Indian Journal of Pathology and Microbiology

: 2019  |  Volume : 62  |  Issue : 2  |  Page : 316--318

Pagetoid reticulosis positive for cytotoxic CD20 and CD30: A case report

Shufei Wei, Wenyong Huang, Xiao Xu 
 Department of Pathology, Jiujiang University Hospital, No. 57, Xunyangdong Road, Jiujiang, Jiangxi, China

Correspondence Address:
Shufei Wei
Department of Pathology, Jiujiang University Hospital, No. 57, Xunyangdong Road, Jiujiang - 332000, Jiangxi


Pagetoid reticulosis is an indolent cutaneous T-cell lymphoma and presents as erythema or plaque with a well-defined border on the distal areas of the extremities. Immunophenotypic studies show that in most cases, neoplastic lymphocytes are positive for CD4, whereas CD20 and CD30 double positivity was rarely reported. In this paper, we report an 80-year-old woman who presented with erythema on the extremities for 3 years. Skin biopsy on the right forearm was performed. Histopathologically, the erythematous lesions were characterized by atypical lymphocytes with significant epidermotropism. Immunohistochemical staining showed high proliferation as evidenced by high Ki-67 index and that the tumor cells were positive for CD20 and CD30 but negative for CD7 and CD56. The patient was treated with one cycle of radiotherapy and is currently doing well.

How to cite this article:
Wei S, Huang W, Xu X. Pagetoid reticulosis positive for cytotoxic CD20 and CD30: A case report.Indian J Pathol Microbiol 2019;62:316-318

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Wei S, Huang W, Xu X. Pagetoid reticulosis positive for cytotoxic CD20 and CD30: A case report. Indian J Pathol Microbiol [serial online] 2019 [cited 2022 Oct 7 ];62:316-318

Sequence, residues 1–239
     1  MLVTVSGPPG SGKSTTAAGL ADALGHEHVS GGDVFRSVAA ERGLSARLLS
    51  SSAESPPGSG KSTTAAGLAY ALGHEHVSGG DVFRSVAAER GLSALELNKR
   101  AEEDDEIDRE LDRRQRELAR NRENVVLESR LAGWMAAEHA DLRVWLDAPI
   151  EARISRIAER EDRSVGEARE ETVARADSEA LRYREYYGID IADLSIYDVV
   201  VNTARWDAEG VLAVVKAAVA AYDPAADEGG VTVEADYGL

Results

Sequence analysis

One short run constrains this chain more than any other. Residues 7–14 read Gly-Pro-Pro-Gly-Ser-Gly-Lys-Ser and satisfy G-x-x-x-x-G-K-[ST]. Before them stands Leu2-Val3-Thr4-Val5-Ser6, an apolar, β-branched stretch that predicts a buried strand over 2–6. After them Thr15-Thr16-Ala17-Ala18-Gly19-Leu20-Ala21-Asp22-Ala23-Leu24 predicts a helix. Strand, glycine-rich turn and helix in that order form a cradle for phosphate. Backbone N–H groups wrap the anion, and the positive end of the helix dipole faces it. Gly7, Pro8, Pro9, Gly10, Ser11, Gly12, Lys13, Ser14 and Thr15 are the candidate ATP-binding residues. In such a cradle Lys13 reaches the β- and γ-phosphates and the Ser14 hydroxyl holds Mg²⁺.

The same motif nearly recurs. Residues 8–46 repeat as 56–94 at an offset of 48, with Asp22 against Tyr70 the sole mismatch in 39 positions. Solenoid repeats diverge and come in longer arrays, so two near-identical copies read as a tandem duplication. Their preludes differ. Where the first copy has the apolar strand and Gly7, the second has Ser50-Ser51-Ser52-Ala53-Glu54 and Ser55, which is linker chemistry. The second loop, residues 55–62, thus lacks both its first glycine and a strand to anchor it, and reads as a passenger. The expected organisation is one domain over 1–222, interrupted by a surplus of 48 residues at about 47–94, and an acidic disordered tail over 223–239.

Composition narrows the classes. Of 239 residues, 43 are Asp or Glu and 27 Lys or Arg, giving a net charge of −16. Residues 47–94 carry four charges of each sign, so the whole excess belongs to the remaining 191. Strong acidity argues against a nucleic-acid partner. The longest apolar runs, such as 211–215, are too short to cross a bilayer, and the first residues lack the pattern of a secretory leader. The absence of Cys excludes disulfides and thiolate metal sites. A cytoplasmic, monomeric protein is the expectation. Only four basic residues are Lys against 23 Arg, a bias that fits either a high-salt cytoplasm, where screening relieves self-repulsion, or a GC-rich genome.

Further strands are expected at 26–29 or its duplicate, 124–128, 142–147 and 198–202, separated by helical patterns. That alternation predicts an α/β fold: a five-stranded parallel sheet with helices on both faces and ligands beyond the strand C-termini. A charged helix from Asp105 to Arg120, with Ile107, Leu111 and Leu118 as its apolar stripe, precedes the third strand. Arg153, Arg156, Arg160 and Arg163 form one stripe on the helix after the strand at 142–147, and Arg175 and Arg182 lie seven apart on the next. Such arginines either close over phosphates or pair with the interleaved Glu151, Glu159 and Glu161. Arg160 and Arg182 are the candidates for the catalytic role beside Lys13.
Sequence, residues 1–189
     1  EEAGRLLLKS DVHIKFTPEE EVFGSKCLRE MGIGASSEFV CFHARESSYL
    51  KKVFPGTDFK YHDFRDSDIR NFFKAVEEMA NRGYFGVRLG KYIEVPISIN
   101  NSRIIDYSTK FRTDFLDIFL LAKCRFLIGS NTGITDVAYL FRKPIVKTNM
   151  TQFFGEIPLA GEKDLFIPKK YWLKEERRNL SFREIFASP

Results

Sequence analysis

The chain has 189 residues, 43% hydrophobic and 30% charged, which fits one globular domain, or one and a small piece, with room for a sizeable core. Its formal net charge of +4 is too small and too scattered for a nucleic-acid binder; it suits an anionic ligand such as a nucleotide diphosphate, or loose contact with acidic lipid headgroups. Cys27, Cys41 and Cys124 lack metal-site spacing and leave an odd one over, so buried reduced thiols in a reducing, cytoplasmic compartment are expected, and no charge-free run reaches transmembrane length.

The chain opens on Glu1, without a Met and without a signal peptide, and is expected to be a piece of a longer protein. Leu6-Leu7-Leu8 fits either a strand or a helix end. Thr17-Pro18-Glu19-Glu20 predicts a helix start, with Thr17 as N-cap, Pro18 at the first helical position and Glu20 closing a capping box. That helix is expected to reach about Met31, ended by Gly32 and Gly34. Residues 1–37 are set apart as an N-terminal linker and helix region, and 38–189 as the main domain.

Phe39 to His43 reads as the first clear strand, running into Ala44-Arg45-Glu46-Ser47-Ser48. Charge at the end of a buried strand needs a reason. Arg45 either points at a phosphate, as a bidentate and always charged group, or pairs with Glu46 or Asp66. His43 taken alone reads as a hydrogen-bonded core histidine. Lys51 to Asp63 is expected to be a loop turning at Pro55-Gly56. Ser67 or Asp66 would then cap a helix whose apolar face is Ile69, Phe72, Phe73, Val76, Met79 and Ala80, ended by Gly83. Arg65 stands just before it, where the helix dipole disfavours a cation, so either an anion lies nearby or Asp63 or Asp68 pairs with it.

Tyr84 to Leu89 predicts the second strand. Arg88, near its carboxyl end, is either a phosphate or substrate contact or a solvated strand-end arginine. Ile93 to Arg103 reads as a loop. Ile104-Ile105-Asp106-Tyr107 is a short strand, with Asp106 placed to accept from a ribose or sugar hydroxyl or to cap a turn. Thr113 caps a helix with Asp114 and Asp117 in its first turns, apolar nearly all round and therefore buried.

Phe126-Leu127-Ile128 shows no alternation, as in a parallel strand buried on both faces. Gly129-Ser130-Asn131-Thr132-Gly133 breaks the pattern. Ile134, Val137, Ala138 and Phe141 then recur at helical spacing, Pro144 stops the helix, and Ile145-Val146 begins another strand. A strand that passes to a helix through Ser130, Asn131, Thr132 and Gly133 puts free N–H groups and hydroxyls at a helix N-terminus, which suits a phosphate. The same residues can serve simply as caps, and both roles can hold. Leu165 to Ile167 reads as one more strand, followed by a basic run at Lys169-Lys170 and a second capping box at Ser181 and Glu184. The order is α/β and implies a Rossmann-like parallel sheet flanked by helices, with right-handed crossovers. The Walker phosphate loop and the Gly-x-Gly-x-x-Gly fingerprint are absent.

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Full Text


Pagetoid reticulosis (PR) is a rare variant of mycosis fungoides (MF). It was first discovered by Woringer and Kolopp in 1939,[1] who reported a 13-year-old boy presenting with a solitary erythematous plaque on the forearm. PR has two forms: localized and disseminated. The localized variant is known as Woringer–Kolopp disease, while the disseminated variant is known as Ketron–Goodman disease. Notably, no variations were found between the two types in terms of morphology and immunohistochemical characteristics.[2] However, the clinical manifestations vary. Woringer–Kolopp disease presents as an isolated erythema, whereas Ketron–Goodman disease presents with multiple erythema. Immunohistochemical studies showed that most cases of PR are negative for CD20 or not readily identified, and CD20 diffuse positivity has never been reported to date.[3] In this paper, we report a patient with PR with strongly positive expression of CD20 and CD30 and discuss the clinicopathological characteristics of the disease.